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Dave Says-Taking The Dread Out Of Budgeting

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Dear Dave,

I’ve been trying to get my sister and her husband on your plan, but they’re hesitant to try living on a budget. They make good money, and both of them think doing a budget every month would be too difficult and take too much time. Do you have any suggestions I could pass along that might make them realize that making a budget isn’t so hard or time-consuming?

Kelsey {{more}}

Dear Kelsey,

Believe me, I hear those excuses all the time. In most cases, the people who say these kinds of things don’t really understand what a budget is or how to efficiently put one together. If you’ve followed my advice, you learned first-hand that budgeting isn’t scary once you get the hang of it. Household budgets don’t need to be about hours of tedious math and complicated formulas. Like most things in life, simple is usually best.

A good way to simplify budgeting, especially for couples, is by making it a team effort. It’s important to make sure your spouse is on board, and knows what’s up with the budget, because you’re just asking for problems when one spouse is doing all the planning and the other is doing all the spending.

Sit down together for a few minutes, once a month, and have a budget meeting where you look at your income, your outgo, and you both give every dollar a name and a job to do. It’s really that simple. Share your ideas, your hopes, and your dreams for the future, as well as the fears you have. The important thing is that you’re both in agreement and working together. That alone will make your lives, your budget, and your money easier to handle.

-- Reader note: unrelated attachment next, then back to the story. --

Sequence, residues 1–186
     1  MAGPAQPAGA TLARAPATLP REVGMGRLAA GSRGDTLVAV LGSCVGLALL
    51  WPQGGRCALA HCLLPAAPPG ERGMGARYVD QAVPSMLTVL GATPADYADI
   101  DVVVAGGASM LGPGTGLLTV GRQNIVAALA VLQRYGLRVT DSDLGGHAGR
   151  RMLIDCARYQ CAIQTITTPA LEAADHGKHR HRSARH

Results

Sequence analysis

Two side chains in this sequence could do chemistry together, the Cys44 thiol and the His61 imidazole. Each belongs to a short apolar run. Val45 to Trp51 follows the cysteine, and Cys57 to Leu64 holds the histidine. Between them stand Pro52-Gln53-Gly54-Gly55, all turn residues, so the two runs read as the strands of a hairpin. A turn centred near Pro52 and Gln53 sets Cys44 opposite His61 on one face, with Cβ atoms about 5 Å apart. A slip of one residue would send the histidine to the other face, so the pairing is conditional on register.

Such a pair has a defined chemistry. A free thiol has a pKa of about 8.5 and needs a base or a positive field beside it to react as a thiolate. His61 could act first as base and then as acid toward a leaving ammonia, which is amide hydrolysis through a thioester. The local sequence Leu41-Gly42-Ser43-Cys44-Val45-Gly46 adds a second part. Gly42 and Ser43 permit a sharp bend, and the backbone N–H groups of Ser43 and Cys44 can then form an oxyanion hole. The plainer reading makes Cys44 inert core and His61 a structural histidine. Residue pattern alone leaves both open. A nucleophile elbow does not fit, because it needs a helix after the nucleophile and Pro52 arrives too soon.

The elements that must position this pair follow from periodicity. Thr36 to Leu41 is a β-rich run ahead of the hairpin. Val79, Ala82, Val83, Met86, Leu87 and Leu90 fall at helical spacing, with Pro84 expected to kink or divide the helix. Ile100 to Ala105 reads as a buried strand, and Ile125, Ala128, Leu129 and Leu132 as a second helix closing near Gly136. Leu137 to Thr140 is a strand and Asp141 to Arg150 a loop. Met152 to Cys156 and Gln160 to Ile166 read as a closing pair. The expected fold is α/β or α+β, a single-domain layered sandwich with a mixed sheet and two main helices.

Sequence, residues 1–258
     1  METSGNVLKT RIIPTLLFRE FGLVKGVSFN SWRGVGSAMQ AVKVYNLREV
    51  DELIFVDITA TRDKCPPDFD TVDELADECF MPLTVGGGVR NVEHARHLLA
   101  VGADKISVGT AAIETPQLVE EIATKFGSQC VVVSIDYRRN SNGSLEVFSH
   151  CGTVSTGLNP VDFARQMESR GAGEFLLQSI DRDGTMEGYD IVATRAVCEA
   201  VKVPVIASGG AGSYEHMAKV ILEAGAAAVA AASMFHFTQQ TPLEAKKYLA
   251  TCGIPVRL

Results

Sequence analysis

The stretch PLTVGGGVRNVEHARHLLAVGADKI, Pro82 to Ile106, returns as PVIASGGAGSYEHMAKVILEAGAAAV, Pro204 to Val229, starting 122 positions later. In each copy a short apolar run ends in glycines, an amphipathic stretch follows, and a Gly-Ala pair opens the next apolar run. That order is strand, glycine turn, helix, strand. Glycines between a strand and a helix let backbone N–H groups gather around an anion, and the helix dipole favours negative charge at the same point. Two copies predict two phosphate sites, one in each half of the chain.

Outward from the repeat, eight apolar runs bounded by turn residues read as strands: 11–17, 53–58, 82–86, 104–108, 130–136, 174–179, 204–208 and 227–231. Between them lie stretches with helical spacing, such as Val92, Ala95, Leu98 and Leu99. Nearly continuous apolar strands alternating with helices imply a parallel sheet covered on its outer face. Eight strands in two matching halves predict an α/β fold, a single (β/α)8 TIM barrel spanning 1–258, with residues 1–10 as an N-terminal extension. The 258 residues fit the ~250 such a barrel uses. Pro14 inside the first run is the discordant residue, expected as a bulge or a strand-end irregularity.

Also, make sure you have cut up all your credit cards and closed the accounts. No more credit cards means fewer bills to add to the budget, fewer complications, and zero worries about fees and interest rates. Stick to using a debit card and cash. After all, they’re both part of the plan!

Making a schedule for budget meetings and bill payments is a good idea, too. You can even make your budget meetings a fun time by including your favorite snacks. Set up auto drafts out of your checking account to pay bills, and buy your groceries on a set day every week or twice a month. When you know what to expect and when, it takes a lot of stress and potential pitfalls out of the budgeting picture.

There’s always some work and discipline that goes along with gaining control of your money. But a budget doesn’t need to be torture. A little planning, communication, and some basic math will go a long way—and it won’t be nearly as time-consuming, or as difficult, as you think!

Idea behind the legacy drawer

Dear Dave,

A friend recently told me about you and your teachings about money. While we were talking, she mentioned something called a “legacy drawer” for important papers. Can you explain more about this?

Anna

Dear Anna,

Simply put, a legacy drawer is a collection of your essential documents in a safe place where your family and loved ones can find them when you die, or if you’re sick or disabled. It doesn’t have to be a drawer, specifically, just a safe, secure place where you keep all the pieces of your financial life—your will, living will, estate plan, investment statements, insurance policies, and property deeds. You should also include stuff like power of attorney documents, bank and lock box access information, and any other instructions for and information about your last wishes and what you leave behind.

The stress and grief when someone becomes seriously ill or dies is bad enough. Don’t make it any harder than it has to be by leaving your finances and other essentials in a mess!

—Dave

*Dave Ramsey is CEO of Ramsey Solutions. He has authored seven best-selling books, includingThe Total Money Makeover. The Dave Ramsey Show is heard by more than 16 million listeners each week on 600 radio stations and multiple digital platforms. Follow Dave on the web at daveramsey.com and on Twitter at @DaveRamsey.

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